Transformer windings are one of the most important parts of a transformer. There are different types of transformer windings available on the market. The selection of transformer windings is based on different factors such as voltage, current and capacity of the transformer under construction.
Transformer Winding Requirements
The selected transformer winding must comply with a number of requirements. Here are a few of the most important:
- Windings should be economical both in terms of initial cost, taking into consideration the availability of copper on the market, and in terms of the efficiency of the transformer.
- Transformer windings must meet certain temperature requirements, as deviation from these conditions will drastically shorten the transformer’s service life.
- Windings should be mechanically stable with respect to the forces resulting from sudden short circuits in transformers.
- Electrical strength of the winding should be adequate to withstand overvoltages.
In many cases, these requirements contradict one another. For example, higher current density in the winding means less copper is needed, but copper losses increase, which decreases transformer efficiency. Allowing a greater temperature rise in the winding results in a smaller transformer, but a shorter service life. Therefore, it is extremely important to design the winding of a modern transformer, especially in the case of a high-voltage transformer.
Transformer Winding Design
The high voltage and low voltage windings of a transformer are designed and selected in such a way that the axial short-circuit force is as low as possible, allowing coil support to be much simpler.
Copper and aluminum are the primary materials used as conductors in power transformer windings.
To carry current with similar performance to copper, aluminum conductors must have a larger cross section. Aluminum is lighter and generally less expensive than copper.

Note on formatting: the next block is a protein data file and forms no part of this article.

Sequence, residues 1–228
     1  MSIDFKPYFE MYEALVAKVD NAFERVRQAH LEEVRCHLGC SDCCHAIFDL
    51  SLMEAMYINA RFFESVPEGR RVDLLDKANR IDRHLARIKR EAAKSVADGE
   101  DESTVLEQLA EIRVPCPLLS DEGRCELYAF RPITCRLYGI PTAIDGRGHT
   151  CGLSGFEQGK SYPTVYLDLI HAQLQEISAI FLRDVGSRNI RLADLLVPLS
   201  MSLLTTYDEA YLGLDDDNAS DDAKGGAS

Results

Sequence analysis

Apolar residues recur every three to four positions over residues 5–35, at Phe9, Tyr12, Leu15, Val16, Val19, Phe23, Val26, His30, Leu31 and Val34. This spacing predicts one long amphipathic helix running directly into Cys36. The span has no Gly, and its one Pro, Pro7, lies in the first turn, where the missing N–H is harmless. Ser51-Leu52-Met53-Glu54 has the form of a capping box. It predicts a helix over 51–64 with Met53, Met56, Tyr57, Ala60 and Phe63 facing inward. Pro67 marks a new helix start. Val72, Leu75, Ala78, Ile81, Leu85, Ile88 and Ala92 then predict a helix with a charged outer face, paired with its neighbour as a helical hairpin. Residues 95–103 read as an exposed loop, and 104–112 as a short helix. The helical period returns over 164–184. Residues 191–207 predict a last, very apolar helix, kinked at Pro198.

Copper conductors have a higher mechanical strength and are almost exclusively used except for smaller size ranges, where aluminum conductors would be acceptable.
In cases where extreme forces are encountered, materials such as silver-bearing copper can be used for even greater strength.
Here is a chart on comparison of properties of copper and aluminum.
|Resistivity at 20°C||Ω mm2 / m||0,0175||0,0285|
|Electrical conductivity at 20°C||m / Ω mm2||57,1||35,4|
|Temperature Coefficient of electrical resistance at 20°C||–||0,00427||0,0044|
|Thermal conductivity||W / m °C||393||203|
|Specific heat||W sec / kg °C||385||920|
|Specific weight||kg / m3||8900||2700|
|Tensile strength||kgf / mm2||24||10|
|Elastic limit||kgf / mm2||6 – 8||2 – 5|
|Coefficient of linear expansion at 20°C||–||17 x 10-6||24 x 10-6|
Transposition of Conductors in Transformer
As discussed above the conductors used in transformer windings are either solid or stranded copper or aluminum strips. Heavy current capacity is achieved with conductors of large cross-section. It is preferable to use several small wires or parallel straps instead of one large strap to reduce eddy current losses in the conductors. As a result, the conductor components have unequal reactance, which can be eliminated by transposing the conductors.
A transposition of conductors in a transformer involves winding one-half of each winding on each limb instead of placing the primary on one and the secondary on the other. By doing this, a tight coupling is guaranteed between the two windings. Consequently leakage flux is considerably reduced.
Positioning of HV and LV Windings
The position of HV and LV windings with respect to the core also plays a very critical role in terms of insulation requirements.
If the HV winding were placed next to the core, it would be necessary to insulate it from both the core and the LV winding. In addition, two layers of HV insulation would be required.
When the high-voltage winding is placed outside and around the low-voltage winding, only one layer of high-voltage insulation is necessary.